21 Paraphrase vs. Summary Summary  Contains a smaller amount of detail (only most important information)  Shorter than text being summarized  Used to give a general understanding of something  Summarizing shows that you understand! Paraphrase  Contains a similar level of detail (most or all of the information)  Around the same length as the text being paraphrased  Used to help develop a detailed understanding of something  Paraphrasing helps you develop understanding!

22 Paraphrase Practice 1: How can we put the first lines of the Odyssey into our own words? Sing in me, Muse, and through me tell the story of that man skilled in all ways of contending, the wanderer, harried for years on end, after he plundered the stronghold on the proud height of Troy.  Muse = goddess of the arts (Calliope was goddess of epic poetry)  contending = fighting, participating in battle  harried = chased, made to suffer  plundered = robbed, looted  stronghold = castle and surrounding city or village

23 Paraphrase Practice 1 cont... Original Text Sing in me, Muse, and through me tell the story of that man skilled in all ways of contending, the wanderer, harried for years on end, after he plundered the stronghold on the proud height of Troy. Sample Paraphrase Inspire me, Goddess, and use me to tell the story of that great fighter, the traveler, who was chased for countless years after looting the castle and city on the mountains of Troy.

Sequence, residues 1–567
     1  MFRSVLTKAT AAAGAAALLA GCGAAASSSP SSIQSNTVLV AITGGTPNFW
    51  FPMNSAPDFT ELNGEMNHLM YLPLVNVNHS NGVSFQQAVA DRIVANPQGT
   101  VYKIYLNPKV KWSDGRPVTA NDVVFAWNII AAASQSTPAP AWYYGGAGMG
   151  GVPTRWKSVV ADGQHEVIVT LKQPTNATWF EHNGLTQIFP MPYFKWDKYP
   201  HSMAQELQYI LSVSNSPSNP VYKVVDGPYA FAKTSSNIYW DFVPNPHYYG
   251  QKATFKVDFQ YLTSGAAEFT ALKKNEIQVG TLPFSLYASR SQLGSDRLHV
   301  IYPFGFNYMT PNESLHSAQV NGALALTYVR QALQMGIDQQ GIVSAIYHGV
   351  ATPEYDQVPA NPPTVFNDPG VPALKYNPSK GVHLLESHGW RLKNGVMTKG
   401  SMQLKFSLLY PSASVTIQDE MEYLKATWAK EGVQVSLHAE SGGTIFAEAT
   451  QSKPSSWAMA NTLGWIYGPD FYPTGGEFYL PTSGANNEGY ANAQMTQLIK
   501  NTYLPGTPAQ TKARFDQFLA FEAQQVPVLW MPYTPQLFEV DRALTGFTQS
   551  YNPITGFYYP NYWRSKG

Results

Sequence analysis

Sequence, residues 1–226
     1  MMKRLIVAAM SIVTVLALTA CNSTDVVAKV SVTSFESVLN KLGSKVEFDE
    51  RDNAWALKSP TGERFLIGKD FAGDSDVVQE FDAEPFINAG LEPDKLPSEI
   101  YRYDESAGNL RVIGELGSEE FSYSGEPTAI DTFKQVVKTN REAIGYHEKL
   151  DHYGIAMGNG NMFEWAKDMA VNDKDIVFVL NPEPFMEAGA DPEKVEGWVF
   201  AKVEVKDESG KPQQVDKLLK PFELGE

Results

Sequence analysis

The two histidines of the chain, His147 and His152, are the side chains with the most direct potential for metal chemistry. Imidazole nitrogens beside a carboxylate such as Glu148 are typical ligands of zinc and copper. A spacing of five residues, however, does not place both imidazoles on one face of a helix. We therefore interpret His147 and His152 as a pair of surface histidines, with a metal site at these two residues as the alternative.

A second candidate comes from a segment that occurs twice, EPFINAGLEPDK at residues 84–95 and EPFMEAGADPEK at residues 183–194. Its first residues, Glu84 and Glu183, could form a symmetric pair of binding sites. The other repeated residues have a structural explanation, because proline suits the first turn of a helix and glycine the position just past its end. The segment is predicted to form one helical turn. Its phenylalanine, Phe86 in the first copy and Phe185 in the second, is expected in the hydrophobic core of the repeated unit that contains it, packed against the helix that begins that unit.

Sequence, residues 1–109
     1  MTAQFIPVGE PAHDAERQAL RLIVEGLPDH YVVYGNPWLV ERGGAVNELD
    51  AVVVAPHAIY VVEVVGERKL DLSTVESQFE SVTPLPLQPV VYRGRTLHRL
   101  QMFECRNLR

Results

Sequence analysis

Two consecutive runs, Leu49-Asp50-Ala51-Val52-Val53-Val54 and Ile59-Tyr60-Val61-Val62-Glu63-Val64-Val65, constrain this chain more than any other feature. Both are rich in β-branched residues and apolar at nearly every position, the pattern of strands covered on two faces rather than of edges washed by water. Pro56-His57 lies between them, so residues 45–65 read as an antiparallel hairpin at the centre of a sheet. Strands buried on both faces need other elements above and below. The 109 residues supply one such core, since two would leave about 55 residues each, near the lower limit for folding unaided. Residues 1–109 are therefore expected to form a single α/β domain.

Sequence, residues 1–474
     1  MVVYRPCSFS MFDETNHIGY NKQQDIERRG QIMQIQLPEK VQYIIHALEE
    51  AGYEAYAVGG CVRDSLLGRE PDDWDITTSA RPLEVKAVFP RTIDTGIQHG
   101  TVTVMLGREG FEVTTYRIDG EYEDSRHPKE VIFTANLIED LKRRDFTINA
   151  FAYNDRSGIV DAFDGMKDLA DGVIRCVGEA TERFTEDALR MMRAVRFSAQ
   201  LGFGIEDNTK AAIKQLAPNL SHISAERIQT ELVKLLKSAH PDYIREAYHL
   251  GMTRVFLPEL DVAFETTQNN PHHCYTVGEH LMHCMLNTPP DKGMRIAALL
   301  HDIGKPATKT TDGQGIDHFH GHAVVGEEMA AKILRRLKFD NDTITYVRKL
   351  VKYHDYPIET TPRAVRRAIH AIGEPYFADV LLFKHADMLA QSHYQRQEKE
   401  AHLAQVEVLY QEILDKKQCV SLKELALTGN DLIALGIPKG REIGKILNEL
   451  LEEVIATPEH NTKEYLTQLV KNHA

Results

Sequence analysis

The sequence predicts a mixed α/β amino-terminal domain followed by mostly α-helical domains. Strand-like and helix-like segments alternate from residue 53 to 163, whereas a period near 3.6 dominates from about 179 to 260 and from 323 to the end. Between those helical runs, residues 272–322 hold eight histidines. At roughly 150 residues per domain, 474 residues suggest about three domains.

24 Paraphrase Practice 2: Now try to paraphrase the beginning of Beowulf! Verse Form A powerful monster living down In the darkness growled in pain, impatient As day after day the music rang Loud in that hall, the harp’s rejoicing Call and the poet’s clear songs, sung Of the ancient beginnings of us all, recalling The Almighty making the earth, shaping These beautiful plains marked off by oceans, Then proudly setting the sun and moon To glow across the land and light it: The corners of the earth were made lovely with trees And leaves, made quick with life, with each Of the nations who now move on its face. And then As now warriors sang of their pleasure: Converted to Prose A powerful monster living down in the darkness growled in pain, impatient as day after day the music rang loud in that hall, the harp’s rejoicing call and the poet’s clear songs, sung of the ancient beginnings of us all, recalling the Almighty making the earth, shaping these beautiful plains marked off by oceans, then proudly setting the sun and moon to glow across the land and light it: the corners of the earth were made lovely with trees and leaves, made quick with life, with each of the nations who now move on its face. And then as now warriors sang of their pleasure: